Monks’ marriage of poverty and riches

How Italian Renaissance mendicant orders struggled to reconcile their ideals and their wealth. By Christopher Colven

A number of commentators at this year’s Hay Festival posited the inevitability of e-books and other forms of technology soon overtaking the printed volumes that have until now filled our shelves. I have to say that no one in their right mind would want to do other than buck the trend to own and handle Sanctity Pictured: the Art of the Dominican and Franciscan Orders in Renaissance Italy. This beautifully produced catalogue was designed as a companion to an exhibition of the same name at the Frist Center for the Visual Arts in Nashville, Tennessee. The Frist’s director is surely correct in her view that this book “will have a life beyond the exhibition and become a key reference for anyone with an interest in the culture of the Italian Renaissance and the meaningful ways that art and religion intersect in the period”.

The heart of this study circles around an insoluble contradiction: how is it that a reform movement dedicated to the renewal of Christ’s Gospel call to present renunciation in the hope of future reward, with its sharp emphasis on poverty of spirit and lifestyle, should have resulted in a flowering of patronage of the visual arts the like of which has rarely, if ever, been witnessed? Surely St Francis and St Dominic must have watched with a certain irony as their immediate successors constructed such wonders as the basilica at Assisi (and commissioned Giotto to cover its walls) or Florence’s Santa Maria Novella (with Duccio’s great Rucellai Madonna)?

Janet Robson goes some way to explaining (but not resolving) the essential dilemma in her essay, The Changing Imagery of Saint Francis in the Basilica of San Francesco in Assisi. Beginning with the frescoes of the lower church, the Poor Man of Assisi is transmogrified (in the upper basilica) into a miracle-working “alter Christus”. Clearly the growing popularity and influence of the mendicant orders brought with it a retreat from earlier ideals and from the original small groups of brothers holding all possessions in common; both Franciscans and Dominicans allowed themselves to evolve into property owners and developers on a grand scale – a huge plus for the history of art, but perhaps less beneficial to their corporate salvation.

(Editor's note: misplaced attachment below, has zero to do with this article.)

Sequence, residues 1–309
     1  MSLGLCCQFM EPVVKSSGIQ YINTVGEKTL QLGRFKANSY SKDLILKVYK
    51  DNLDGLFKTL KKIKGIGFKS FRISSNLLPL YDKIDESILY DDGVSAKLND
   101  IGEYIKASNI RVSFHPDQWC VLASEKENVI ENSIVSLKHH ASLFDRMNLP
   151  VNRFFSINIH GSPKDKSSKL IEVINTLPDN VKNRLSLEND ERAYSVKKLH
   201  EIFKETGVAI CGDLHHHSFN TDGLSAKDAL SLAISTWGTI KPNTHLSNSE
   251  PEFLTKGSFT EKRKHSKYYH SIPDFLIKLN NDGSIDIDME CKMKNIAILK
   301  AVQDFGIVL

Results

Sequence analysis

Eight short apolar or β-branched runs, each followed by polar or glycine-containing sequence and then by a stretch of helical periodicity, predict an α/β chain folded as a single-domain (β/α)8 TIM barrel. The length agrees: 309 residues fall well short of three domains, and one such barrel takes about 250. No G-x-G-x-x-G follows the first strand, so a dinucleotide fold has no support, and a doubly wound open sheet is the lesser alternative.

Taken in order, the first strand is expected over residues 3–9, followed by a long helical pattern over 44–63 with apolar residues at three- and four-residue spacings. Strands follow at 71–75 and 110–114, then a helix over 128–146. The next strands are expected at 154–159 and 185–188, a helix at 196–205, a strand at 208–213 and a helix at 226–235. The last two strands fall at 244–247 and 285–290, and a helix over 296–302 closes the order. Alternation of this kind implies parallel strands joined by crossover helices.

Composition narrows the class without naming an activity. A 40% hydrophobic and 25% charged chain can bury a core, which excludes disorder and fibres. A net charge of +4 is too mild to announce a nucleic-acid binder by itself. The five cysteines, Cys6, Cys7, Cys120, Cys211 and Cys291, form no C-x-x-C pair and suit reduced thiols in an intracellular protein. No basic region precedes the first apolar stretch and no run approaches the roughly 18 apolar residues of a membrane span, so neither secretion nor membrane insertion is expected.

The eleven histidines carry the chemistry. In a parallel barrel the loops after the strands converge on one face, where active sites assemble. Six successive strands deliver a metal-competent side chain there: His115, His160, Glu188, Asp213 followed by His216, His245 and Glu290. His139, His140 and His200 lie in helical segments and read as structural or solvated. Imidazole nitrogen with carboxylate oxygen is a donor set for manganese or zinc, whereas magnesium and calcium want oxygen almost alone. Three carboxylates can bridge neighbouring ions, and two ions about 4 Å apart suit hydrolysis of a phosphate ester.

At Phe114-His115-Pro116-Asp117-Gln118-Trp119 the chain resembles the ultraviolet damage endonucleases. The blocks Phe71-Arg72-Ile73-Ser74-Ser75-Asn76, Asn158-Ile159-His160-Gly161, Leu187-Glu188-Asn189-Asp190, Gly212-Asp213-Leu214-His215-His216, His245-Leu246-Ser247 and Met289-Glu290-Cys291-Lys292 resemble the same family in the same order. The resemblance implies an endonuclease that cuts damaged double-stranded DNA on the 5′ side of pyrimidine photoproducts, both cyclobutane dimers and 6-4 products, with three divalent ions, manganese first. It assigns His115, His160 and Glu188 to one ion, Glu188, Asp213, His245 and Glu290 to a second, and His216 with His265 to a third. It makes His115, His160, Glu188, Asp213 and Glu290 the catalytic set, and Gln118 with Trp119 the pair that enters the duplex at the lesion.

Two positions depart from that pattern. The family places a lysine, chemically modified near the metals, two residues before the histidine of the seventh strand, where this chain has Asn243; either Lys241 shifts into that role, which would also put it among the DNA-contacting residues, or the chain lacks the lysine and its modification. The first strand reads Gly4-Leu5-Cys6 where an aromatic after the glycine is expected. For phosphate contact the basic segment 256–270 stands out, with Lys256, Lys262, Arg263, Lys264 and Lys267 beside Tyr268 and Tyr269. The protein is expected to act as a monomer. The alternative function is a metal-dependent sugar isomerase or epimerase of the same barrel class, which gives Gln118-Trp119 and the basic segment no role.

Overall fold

Much of the art shown and discussed here is inspired by the followers of St Francis, but the Dominican strand (always more intellectually centred, tending towards the city rather than the countryside, the schoolroom rather than the marketplace) is not neglected: Trinita Kennedy’s own end piece, In Search of Authenticity, balances the differing traditions very well, and Donal Cooper makes the point that the patronage of varying art forms, not least architecture, although partly to serve the needs and expanding influence of the pipers who were calling the tune, were intended first and foremost as “sermons and shrines for the laity”. Holly Flora reminds us that, although the concentration here is mostly on the art commissioned by male religious orders, both orders had female branches and the names of Clare of Assisi and Catherine of Siena are not to be taken lightly. Flora’s final throwaway line deserves a volume of its own: “Even as they remained hidden from the world, Dominican and Franciscan women shaped devotional and artistic trends that made the movements of their founders so successful.”  

• Christopher Colven is the rector of St James’s Roman Catholic Church, Spanish Place, London

Sanctity Pictured: the Art of the Dominican and Franciscan Orders in Renaissance Italy

Trinita Kennedy, ed

I.B. Tauris, 275pp, £35 (hb)